Why culture is key to building a globally acclaimed brand

Jordan Brompton, co-founder and CMO of myenergi, explains why inspiring, developing and retaining the right corporate culture is such an essential part of long-term business growth.

Green af myenergi

In a world of increasing corporate competitiveness, incremental innovation, similar services and replicable products, your brand, your market positioning and your company culture are often the only way to achieve powerful cut-through and recognisable differentiation. 

Think about your smartphone as an example. While Android vs IOS might seem like a divisive question – almost enough to lose friends about, they’re both pretty similar, right? Regardless of overall design or exacting capabilities, when it comes down to the detail, both operating systems allow the user to make calls, send texts, take pictures and boast an extensive app library. 

You can use both to order a taxi, book a restaurant, check your bank balance, update your social media feeds, buy your weekly grocery shop, check your train timetable, read the latest news, or even sell your car. To be fair, I’m not sure that we could really live without smartphones. But, in practicality terms, the two systems are surprisingly similar – if not almost identical.

So, what really sets them apart? Well, in short, branding. It’s not about capability per say, it’s all about which operating system you personally resonate with. Forget your handset for a minute, are you an IOS person, or an Android person? What makes you feel more comfortable? What do your friends and family use? What brand values do you perceive as more important? All this for choosing smartphone software.

But Jordan, we’re talking about corporate culture, not branding! True, true, but maybe the two ideas are more closely related than many may think?

Are your brand and culture really that different?

Creating a brand is all about a great logo, beautiful colour scheme, fancy website and a great brochure, right? Well that’s a good start I suppose, but it’s safe to say that a brand is so much more – it’s about your journey, your goals, your personality and your values. Most of your brand is nothing to do with the visual, visible elements.

You can’t just make a brand, you have to grow one. It takes years to get it right, even longer to change it and, frustratingly, can be devalued in seconds if you make the wrong move. It’s the single most important asset that your business owns, but is completely intangible.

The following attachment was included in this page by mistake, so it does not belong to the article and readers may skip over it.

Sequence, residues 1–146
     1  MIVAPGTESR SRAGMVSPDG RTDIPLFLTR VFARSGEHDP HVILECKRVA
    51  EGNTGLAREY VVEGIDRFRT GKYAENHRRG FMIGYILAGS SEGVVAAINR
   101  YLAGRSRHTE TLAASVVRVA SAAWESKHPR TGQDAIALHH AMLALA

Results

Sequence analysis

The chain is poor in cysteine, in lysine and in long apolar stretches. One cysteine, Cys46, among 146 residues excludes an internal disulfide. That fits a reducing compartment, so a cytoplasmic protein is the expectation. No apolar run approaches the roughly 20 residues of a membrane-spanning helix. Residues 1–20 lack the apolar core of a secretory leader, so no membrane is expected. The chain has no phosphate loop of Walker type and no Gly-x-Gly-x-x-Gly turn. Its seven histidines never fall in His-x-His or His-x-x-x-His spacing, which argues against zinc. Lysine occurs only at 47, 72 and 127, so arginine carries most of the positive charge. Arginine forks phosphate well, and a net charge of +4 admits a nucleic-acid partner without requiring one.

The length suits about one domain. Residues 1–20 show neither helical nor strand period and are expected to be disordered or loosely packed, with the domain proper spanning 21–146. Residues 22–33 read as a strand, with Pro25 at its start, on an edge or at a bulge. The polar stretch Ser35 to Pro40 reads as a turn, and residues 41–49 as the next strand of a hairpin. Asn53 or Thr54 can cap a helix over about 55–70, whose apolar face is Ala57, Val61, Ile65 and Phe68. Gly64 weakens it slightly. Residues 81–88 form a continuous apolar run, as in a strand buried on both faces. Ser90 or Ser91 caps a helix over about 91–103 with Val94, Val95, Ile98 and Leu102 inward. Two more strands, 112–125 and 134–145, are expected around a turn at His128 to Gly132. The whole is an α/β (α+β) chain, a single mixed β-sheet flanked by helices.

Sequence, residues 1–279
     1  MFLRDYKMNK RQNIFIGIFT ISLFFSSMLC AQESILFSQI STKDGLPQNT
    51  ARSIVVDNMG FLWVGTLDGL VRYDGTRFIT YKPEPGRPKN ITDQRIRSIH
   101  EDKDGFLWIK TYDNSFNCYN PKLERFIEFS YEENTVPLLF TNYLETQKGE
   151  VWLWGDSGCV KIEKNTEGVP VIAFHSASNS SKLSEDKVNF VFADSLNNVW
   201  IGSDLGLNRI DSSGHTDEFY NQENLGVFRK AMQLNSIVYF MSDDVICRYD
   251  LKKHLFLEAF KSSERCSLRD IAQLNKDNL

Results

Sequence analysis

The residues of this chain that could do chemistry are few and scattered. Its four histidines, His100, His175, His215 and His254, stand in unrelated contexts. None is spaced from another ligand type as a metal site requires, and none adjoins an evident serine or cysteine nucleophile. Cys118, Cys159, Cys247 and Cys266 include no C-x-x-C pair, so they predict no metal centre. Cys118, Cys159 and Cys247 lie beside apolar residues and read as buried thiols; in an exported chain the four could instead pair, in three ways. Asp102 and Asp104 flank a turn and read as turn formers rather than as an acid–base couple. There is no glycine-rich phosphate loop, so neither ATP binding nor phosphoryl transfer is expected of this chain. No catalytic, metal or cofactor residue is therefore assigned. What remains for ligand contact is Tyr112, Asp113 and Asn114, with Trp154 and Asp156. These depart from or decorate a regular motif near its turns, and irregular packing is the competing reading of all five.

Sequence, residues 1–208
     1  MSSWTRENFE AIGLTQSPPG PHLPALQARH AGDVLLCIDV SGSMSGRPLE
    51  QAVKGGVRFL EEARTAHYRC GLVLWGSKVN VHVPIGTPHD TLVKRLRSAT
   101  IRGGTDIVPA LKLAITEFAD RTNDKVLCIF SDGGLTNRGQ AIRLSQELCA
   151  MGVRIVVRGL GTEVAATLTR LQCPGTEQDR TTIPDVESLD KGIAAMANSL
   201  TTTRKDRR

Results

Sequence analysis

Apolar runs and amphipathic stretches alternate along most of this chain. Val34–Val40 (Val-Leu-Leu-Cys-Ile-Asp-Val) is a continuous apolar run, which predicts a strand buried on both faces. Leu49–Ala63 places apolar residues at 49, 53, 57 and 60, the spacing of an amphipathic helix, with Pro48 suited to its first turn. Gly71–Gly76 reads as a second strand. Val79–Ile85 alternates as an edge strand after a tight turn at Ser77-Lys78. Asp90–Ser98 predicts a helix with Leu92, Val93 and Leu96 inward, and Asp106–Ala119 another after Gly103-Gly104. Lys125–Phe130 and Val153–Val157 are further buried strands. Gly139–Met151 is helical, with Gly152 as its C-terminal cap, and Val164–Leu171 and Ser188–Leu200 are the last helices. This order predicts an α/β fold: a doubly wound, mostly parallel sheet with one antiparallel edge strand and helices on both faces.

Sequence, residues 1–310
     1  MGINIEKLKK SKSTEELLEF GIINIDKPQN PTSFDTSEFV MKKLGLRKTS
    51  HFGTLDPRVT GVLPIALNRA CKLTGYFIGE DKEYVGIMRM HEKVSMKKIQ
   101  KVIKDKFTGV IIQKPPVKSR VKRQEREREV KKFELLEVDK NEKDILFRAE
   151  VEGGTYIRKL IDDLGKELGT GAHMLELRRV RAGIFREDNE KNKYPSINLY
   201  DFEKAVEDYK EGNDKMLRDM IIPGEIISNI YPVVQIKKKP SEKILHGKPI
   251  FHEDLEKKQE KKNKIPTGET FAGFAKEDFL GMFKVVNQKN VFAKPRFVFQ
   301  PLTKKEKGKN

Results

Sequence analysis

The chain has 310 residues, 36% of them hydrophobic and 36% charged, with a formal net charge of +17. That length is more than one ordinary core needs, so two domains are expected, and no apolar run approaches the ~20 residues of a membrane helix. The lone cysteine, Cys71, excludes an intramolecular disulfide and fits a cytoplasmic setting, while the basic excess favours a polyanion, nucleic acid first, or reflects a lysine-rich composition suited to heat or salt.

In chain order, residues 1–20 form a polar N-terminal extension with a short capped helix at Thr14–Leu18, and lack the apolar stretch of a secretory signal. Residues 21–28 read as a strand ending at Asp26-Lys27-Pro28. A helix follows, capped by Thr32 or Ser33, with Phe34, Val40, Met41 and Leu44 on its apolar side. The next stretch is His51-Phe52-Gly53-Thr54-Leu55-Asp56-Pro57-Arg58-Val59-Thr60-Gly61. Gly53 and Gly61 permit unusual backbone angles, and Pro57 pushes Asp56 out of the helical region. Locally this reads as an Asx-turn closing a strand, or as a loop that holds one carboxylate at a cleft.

Getting it right is key, but getting it wrong has consequences. After all, if a brand isn’t absolutely genuine, the market simply won’t buy into it. Consider Shell’s recently banned adverts about its domestic renewable electricity offer – cool branding, a really relatable message, but just not believable. Shell is about as synonymous with global oil operations as you can get – sorry, guys, we just don’t believe that you’ve changed overnight.

So how, therefore, do you create a genuine brand? In my opinion, it all stems from your culture – your beliefs, your behaviours, your values and the way you do business. If your brand and culture mirror each other, it’s the perfect partnership. If they differ, its pretty much game over. 

Where does corporate culture come from?

A lot hangs on culture, but fortunately for every entrepreneur, it naturally comes from the top. If culture is all about ‘how’ you operate, it’s obvious that – for a start-up team – your culture is all about you. Your values, your beliefs, the way you approach problems, the way you treat your customers and your team. 

When we founded myenergi, our culture was inspired by our innovation, our enthusiasm, our dogged determination and our belief in a better future. We didn’t want to make products, we wanted to help consumers to do things differently – more efficiently, more sustainably. We almost absent mindedly created a team culture that mirrored this perfectly. Our staff shared these beliefs, these values, these approaches. 

As the business grew, this culture stuck. Our team were part of the journey and fiercely proud of this. It was a culture of trust, of entrepreneurialism, of kindness. The team knew that they were valued and they understood exactly how they were contributing. Our retention rates reflected this – people stood by us.